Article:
3. Wipe away the mascara by using gentle, downward swipes. To remove, simply wipe down along the lashes, away from the lid. Once all of the mascara is removed from the top of the lash, place the pad slightly below the lower lash line and close the upper lash firmly on top of it.[21]

    • You can wiggle the pad a little by your lash line to help break up more stubborn mascara.[22]
    • Use cotton swab dipped in makeup remover to clean up any remaining mascara, like little flecks or smears that end up under your lower lashes.[23]
  4. Wash your face with an appropriate cleanser. Removing your makeup is not the final step in your nightly skincare routine--it's the first. Getting all the makeup off your face allows the your cleanser to get into your pores, instead of mixing with makeup and clogging them.[24]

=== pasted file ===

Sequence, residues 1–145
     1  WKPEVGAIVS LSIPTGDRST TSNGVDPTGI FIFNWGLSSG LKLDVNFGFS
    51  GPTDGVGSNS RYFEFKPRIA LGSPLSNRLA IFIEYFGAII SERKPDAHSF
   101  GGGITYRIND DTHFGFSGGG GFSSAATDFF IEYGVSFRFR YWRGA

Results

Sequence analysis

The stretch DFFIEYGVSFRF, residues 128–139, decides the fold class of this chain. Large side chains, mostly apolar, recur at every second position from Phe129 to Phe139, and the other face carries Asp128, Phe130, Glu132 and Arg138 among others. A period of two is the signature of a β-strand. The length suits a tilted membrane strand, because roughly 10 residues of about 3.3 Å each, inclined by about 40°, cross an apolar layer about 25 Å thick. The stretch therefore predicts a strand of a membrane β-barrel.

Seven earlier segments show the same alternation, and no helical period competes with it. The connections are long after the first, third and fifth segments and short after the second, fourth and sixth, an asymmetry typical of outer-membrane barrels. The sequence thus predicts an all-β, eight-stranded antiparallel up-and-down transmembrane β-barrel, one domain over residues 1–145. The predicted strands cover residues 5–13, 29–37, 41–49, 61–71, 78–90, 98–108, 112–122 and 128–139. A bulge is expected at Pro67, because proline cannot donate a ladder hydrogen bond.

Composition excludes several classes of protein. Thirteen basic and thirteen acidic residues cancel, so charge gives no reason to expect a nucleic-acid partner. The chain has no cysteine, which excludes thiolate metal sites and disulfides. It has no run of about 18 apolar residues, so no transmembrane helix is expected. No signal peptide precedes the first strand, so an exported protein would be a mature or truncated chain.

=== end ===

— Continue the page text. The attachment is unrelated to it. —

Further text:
• Find a cleanser that is right for your skin type and gently massage it into your face. Use warm water and a facial cloth or sponge to wipe off the dirt and grime.[25]
    • Washing your face also removes any remnants of your makeup remover which, if it remains on your skin, can cause dryness or even an allergic reaction.[26]
  5. Pat your eyes dry with a soft towel. Be careful to avoid pressing down too hard, simply pat to remove excess moisture.

  6. Remove any excess residue with a q-tip and some moisturizer. If you notice any leftover dirt, you can dab at the area with a q-tip instead of reapplying makeup remover.

    Remove Mascara Step 14 Version 3.jpg
    • Make sure your moisturizer does not have SPF, which could sting your eyes.



  • Don't pull the mascara off using your fingernails.
  • Don't leave mascara on overnight.
  • Even with the most natural solutions, try your best not to get any makeup remover in your eye.